In addition to providing EMS coverage for the campus, Rice EMS provides community education (CPR and first aid certification), special event and athletics coverage, and EMT and Advanced EMT certification courses for students, faculty, and staff.
Rice EMS is dispatched by the Rice University Police Department on campus and responds to 650 calls annually. “REMS provides an opportunity for students to learn skills in the classroom as part of their undergraduate education and apply them in a meaningful way as emergency responders on campus,” says Basgall. “Being on duty to help their peers, professors, and campus visitors when they have a medical or traumatic emergency is a personal way to take an active role in campus life. Last year during Hurricane Harvey, this small but dedicated group of responders spent many hours on duty to help manage the needs of the campus. In October 2018 Rice EMS sent a team to teach a first responder course at the U.S. Consulate General in São Paulo, Brazil. This pool of dedicated undergraduates, committed alumni, part-time staff, and the physician leadership team, working together for a common mission, makes all of this possible.”
Rice EMS is funded through student health fees and other university funds. Other challenges it faces include the four-year membership turnover while maintaining clinical excellence.
Basgall is a full-time EMS director for the student volunteers in addition to being a paramedic and instructor on campus. She says working with students who are new to medicine, have never encountered an emergency, or haven’t had the chance to put classroom excellence to practical use is rewarding. “I have an opportunity to mentor student leaders who teach their peers how to work with a team, make a plan and follow through, and balance their own academic pursuits with time dedicated to EMS,” she says. “It’s the best job ever!”
Santa Clara University EMS, Santa Clara, Calif.
At Santa Clara University golf carts on campus don’t mean someone’s lost on the back nine. Instead, when one of the school’s 9,500 students has a medical emergency, Santa Clara EMS (SCEMS) responds on foot and by golf cart. Santa Clara EMTs are dispatched through the university’s emergency hotline; campus security receives a 9-1-1 call and notifies SCEMS via cell phone, and they respond to the scene.
Founded in 1997, SCEMS consists of approximately 40 EMTs who are mentored by three advisors: a physician, a nurse, and a physician assistant. According to Annie Martin, a senior at Santa Clara and the public relations officer for SCEMS, the squad responds to around 250 calls a year that range from twisted ankles to serious cardiac events. “There are innumerable benefits that come with having EMS on a college campus,” Martin says. “In my experience, EMS at Santa Clara University has improved the quality of life not only on our campus but also in the community around us. For instance, county emergency services aren’t dispatched to our campus every time there’s an issue because the collegiate EMTs on duty are often able to address the situation.”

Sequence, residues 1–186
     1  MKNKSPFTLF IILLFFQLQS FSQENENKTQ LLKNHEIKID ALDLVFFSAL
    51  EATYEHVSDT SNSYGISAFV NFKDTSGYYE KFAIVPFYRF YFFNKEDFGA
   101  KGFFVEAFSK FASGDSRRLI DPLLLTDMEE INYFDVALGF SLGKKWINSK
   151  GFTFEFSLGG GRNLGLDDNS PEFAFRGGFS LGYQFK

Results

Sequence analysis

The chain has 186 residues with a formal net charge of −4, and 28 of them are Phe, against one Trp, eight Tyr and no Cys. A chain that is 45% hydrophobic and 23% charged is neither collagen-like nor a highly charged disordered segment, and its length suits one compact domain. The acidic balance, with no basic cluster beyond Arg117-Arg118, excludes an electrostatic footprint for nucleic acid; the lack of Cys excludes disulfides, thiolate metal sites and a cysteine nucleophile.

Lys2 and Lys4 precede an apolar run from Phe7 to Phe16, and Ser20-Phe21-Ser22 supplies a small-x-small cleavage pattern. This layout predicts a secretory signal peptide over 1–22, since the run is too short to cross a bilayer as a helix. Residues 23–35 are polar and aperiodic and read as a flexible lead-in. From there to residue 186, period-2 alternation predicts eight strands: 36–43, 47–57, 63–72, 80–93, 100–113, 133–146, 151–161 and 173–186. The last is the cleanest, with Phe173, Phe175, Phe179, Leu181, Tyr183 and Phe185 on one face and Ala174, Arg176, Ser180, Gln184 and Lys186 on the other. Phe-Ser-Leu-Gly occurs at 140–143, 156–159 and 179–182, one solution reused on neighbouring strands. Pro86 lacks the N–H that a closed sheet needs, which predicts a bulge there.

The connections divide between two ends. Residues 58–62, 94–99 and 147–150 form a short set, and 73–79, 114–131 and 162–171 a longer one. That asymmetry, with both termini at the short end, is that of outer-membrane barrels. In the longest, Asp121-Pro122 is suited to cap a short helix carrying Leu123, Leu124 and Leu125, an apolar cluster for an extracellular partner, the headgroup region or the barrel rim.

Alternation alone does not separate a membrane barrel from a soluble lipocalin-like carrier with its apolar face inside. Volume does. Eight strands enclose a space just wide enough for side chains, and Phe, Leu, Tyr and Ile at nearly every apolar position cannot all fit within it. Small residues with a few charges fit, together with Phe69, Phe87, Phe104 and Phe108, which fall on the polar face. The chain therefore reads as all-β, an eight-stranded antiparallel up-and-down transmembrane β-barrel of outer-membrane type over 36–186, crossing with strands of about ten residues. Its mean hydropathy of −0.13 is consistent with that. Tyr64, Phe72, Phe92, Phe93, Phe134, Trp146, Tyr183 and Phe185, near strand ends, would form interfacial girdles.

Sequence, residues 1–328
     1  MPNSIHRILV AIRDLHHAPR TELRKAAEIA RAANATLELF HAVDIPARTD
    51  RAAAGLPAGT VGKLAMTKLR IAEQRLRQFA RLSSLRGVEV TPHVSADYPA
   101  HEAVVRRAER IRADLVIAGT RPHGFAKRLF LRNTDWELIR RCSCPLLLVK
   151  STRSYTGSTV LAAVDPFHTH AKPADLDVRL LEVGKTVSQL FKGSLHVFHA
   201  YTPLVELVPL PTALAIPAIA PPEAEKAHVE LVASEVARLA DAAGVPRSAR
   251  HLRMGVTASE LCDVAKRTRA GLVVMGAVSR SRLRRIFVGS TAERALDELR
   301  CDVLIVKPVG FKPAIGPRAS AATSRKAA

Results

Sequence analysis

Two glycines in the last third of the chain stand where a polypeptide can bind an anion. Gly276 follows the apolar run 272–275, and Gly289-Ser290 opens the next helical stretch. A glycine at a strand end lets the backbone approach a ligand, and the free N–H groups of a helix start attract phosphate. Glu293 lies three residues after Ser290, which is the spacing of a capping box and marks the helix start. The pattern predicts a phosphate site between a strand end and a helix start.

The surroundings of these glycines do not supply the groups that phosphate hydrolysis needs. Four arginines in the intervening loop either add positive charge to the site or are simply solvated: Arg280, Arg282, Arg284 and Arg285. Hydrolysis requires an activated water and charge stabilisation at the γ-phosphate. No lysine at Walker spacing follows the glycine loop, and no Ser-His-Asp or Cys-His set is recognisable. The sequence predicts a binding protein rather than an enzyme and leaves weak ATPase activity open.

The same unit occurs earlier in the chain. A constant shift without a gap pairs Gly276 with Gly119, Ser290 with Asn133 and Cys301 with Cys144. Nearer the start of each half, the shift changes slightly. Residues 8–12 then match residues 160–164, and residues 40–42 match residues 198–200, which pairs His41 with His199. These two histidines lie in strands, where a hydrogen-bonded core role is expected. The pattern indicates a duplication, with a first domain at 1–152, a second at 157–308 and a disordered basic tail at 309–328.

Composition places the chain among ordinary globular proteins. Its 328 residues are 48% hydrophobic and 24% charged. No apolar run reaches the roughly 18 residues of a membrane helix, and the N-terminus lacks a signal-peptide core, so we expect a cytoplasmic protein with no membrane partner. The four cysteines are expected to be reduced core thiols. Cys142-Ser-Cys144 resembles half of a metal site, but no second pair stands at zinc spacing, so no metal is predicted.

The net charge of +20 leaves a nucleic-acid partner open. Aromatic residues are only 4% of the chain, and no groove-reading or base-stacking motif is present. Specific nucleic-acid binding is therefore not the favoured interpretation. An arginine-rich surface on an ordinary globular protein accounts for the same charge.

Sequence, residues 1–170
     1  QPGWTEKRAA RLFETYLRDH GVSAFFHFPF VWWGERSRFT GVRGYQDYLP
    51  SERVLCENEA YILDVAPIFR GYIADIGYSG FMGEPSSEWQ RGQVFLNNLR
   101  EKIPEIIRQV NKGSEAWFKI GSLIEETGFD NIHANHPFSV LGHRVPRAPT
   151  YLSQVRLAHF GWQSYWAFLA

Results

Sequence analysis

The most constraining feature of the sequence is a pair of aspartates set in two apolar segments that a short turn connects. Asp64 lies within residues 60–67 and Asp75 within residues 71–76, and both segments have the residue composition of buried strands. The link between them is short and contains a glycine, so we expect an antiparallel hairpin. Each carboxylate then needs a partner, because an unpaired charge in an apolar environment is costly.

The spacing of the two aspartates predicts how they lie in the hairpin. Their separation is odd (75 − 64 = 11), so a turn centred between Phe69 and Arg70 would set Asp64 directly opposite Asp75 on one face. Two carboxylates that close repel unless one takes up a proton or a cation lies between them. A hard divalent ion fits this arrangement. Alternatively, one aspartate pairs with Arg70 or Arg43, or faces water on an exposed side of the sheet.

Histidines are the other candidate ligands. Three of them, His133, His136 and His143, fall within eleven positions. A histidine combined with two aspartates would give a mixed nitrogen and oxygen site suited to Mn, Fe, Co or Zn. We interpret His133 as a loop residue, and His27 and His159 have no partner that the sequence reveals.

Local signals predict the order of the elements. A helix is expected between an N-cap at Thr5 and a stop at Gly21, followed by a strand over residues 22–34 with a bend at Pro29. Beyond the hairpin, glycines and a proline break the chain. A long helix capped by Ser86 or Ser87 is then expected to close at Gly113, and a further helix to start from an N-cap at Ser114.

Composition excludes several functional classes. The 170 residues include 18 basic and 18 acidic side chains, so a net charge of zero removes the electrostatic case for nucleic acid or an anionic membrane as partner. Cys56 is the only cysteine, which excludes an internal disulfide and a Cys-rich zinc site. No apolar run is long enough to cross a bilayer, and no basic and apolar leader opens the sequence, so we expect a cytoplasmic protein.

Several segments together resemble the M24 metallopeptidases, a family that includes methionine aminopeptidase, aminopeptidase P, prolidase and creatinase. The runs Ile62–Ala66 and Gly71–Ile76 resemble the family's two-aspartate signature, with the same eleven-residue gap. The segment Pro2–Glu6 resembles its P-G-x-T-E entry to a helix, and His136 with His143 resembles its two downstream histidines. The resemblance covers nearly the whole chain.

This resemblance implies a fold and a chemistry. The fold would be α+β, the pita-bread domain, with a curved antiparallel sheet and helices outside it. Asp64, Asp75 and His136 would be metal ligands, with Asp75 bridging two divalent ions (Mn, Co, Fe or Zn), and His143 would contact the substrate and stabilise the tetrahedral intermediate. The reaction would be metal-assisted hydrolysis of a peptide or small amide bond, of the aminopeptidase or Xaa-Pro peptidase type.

Recruitment is done on campus, and SCEMS consists solely of undergraduate students. They obtain their EMT training at a class offered through Foothill College. According to Martin, SCU EMTs are committed to providing the highest-quality medical care to their patients due to relationships. “Our patients can very likely be our friends, a professor, or members of the community we see around campus,” she says. “This motivates us to attend biweekly training sessions, host call debriefs, and have events such as mock mass-casualty incidents to improve our skills and quality of care. Our passion is one of our greatest strengths.”
Each golf cart is equipped with a full complement of BLS gear, and the Santa Clara Fire Department is contacted if paramedics or transport is required.
While these student squads may be separated by distance, they have a lot in common. With a shared commitment to service, pride in their organizations, respect from their campus communities, and a dedication to quality care, the student members of college EMS agencies have a unique connection.
Santa Clara’s Martin describes that bond well: “I am fortunate enough to have 15-hour shifts with people who inspire me, motivate me, and understand me. We learn quickly to trust each other in high-stress situations and ask for help when it’s wanted and criticism when it’s needed. Collegiate EMS, like anything related to emergency medicine, is unpredictable, but I know I can rely on the dependability and constancy of my friends. A special bond is made between people who respond to medical emergencies together!”
Barry A. Bachenheimer, EdD, FF/EMT, is a career educator and university professor, as well as a firefighter and member of the technical-rescue team with the Roseland (N.J.) Fire Department and an EMT with the South Orange (N.J.) Rescue Squad. With an emergency services career of more than 30 years, he frequently serves as an instructor for both departments. He is also co-owner of Jump Bag Training Company, LLC. Reach him at email@example.com.